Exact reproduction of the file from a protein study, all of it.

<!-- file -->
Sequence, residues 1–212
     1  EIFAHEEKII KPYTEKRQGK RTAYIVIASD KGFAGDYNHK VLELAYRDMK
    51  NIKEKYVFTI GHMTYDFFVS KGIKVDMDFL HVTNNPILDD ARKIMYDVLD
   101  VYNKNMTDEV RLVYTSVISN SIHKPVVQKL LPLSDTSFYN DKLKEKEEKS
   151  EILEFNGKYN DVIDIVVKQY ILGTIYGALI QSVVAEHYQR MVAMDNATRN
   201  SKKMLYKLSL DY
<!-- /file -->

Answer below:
Sequence, residues 1–212
     1  EIFAHEEKII KPYTEKRQGK RTAYIVIASD KGFAGDYNHK VLELAYRDMK
    51  NIKEKYVFTI GHMTYDFFVS KGIKVDMDFL HVTNNPILDD ARKIMYDVLD
   101  VYNKNMTDEV RLVYTSVISN SIHKPVVQKL LPLSDTSFYN DKLKEKEEKS
   151  EILEFNGKYN DVIDIVVKQY ILGTIYGALI QSVVAEHYQR MVAMDNATRN
   201  SKKMLYKLSL DY